BOSTON (CBS) - Throughout high school and into college, Alicia Staley of Middleton dreamed of being an astronaut. A quick look around her home office and you will see a small model space shuttle and NASA stickers all over her laptop.
"Unfortunately, I had to give up my dream of being an astronaut after being so sick."
Alicia was diagnosed with lymphoma during her sophomore year at Syracuse University. She managed to stay in school while enduring months of grueling chemotherapy and radiation.
"It was tough. I felt extraordinarily alone," she recalled.
She beat the lymphoma, only to be diagnosed years later with breast cancer. This time she didn't feel alone, thanks to a friend who suggested she look for support using social media.
"Within 20 minutes of joining Twitter, I felt like I hit the lottery," she said.
After connecting with others battling cancer, Alicia and two other women decided to start a weekly Twitter chat using #BCSM for Breast Cancer Social Media. They had 75 people join the chat that first night in July of 2011. The community has grown ever since.
"We can run a one hour chat and receive upwards of 5 million impressions," she shared.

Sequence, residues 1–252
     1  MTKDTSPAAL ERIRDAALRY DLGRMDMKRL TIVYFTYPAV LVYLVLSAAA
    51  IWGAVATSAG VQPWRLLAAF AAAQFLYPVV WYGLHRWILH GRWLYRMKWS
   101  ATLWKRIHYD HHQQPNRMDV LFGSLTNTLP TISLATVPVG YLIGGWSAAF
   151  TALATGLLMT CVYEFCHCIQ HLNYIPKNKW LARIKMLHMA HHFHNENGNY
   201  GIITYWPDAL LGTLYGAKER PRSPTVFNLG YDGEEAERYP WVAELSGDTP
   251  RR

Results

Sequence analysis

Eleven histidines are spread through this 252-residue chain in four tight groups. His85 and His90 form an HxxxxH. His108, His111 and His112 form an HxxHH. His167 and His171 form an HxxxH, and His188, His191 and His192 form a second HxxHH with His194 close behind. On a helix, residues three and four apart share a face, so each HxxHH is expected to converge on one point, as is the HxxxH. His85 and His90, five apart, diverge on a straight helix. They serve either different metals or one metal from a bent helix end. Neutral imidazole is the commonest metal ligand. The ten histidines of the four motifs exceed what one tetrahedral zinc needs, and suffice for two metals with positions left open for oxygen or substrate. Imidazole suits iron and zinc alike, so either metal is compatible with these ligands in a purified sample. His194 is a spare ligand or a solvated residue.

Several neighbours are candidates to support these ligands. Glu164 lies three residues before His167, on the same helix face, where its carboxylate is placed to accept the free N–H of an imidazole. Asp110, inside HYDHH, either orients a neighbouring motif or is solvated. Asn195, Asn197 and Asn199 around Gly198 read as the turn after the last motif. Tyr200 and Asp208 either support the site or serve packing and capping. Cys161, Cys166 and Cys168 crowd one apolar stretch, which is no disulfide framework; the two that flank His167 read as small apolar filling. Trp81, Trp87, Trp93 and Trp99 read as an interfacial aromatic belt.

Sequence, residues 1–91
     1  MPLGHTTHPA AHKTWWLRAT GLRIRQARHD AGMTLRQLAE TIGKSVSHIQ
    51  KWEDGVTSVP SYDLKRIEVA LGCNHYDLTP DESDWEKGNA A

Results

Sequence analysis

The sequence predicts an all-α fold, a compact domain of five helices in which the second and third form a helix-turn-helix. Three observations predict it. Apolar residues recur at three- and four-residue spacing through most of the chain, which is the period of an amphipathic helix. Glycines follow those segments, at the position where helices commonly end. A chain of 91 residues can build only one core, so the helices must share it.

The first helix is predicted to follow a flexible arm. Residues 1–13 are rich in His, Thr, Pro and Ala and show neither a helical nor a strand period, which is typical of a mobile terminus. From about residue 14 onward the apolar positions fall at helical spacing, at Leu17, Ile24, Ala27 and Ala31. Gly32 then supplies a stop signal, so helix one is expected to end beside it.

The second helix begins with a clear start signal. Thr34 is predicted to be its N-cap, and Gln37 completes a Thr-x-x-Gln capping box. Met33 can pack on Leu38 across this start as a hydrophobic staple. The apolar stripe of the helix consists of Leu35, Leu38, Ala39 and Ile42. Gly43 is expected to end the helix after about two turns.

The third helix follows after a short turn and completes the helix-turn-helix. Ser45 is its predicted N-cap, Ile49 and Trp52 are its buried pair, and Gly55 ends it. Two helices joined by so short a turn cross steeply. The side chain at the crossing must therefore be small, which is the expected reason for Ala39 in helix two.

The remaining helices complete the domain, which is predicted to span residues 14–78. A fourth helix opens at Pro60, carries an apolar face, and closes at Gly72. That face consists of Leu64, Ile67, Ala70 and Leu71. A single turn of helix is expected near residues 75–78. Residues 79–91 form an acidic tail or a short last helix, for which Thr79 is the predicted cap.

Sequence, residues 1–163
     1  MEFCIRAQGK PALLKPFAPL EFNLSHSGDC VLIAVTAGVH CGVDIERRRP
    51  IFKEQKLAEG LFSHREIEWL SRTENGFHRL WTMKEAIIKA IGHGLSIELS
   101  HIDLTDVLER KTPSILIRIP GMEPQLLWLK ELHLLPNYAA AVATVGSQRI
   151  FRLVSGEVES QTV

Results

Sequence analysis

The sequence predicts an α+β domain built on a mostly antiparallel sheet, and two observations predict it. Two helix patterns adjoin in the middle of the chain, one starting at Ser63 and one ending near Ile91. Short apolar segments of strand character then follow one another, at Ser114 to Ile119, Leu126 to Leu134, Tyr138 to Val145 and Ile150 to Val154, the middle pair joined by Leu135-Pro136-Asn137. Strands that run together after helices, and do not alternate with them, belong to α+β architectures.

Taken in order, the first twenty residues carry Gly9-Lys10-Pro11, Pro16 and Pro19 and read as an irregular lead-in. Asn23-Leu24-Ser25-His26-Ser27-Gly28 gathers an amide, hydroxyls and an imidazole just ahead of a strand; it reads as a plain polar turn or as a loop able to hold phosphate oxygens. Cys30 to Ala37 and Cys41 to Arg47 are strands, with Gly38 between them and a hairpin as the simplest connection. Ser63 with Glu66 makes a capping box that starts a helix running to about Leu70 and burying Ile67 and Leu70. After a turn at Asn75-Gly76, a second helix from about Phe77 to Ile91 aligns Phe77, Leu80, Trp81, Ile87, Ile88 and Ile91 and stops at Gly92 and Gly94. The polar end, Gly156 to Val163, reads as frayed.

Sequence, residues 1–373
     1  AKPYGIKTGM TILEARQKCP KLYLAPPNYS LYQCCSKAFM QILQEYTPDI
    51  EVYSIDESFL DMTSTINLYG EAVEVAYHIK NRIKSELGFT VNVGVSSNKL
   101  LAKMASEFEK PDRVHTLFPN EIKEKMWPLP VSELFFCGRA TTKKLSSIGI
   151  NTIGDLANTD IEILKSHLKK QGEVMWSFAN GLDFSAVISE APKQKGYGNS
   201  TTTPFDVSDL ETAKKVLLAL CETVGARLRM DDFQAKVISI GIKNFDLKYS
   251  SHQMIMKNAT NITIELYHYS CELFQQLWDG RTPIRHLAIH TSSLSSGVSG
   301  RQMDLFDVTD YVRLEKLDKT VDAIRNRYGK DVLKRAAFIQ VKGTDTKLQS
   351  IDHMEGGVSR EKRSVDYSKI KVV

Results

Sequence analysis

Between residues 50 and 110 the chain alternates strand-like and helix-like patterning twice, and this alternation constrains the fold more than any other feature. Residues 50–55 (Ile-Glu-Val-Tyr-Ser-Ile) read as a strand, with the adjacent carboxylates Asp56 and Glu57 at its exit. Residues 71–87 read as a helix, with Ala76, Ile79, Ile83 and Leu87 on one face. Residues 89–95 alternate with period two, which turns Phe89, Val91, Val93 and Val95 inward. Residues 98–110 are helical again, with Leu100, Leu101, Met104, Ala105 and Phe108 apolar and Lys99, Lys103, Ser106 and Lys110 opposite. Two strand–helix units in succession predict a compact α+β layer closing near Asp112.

Alicia invites doctors, researchers, and drug companies to share information with the community every Monday night, and they rarely skip a week.
The #BCSM community has done more than just offer information and support for people battling breast cancer. It is also helping researchers look for new treatments.
"I think we live in an era where social media is critical in research," explained Dr. Corrie Painter. She is the director of the Broad Institute's Metastatic Breast Cancer Project. Researchers from MIT and Harvard gather information from patients about treatments, genetics, and outcomes. All of the patients came from the #BCSM community.
The project has created a massive database of information that is available to scientists around the world. The hope is to come up with treatments that will improve the quality of lives for those living with metastatic breast cancer.
"Then eventually, obviously, the hope would be to cure people," Painter said.
It's a project that, according to Painter, would not be possible without Alicia Staley and the community she built on Twitter.
"Alicia Staley is absolutely an influencer," she said.
#BCSM was the first of many similar communities. There is now a #LCSM for Lung Cancer Social Media, #CCSM for Colon Cancer Social Media and dozens of others.
Alicia could have made a lot of money promoting certain drugs, but she refused many offers, wanting to keep the community non-biased information for patients. She travels the world and speaks about breast cancer and the power of social media.
"It's changed my life."
This is work that she loves, but still, Alicia hasn't entirely given up on her dream to travel to space.
"Maybe if Twitter needs to send somebody to the moon someday, they'll send me. I'm still open to that."
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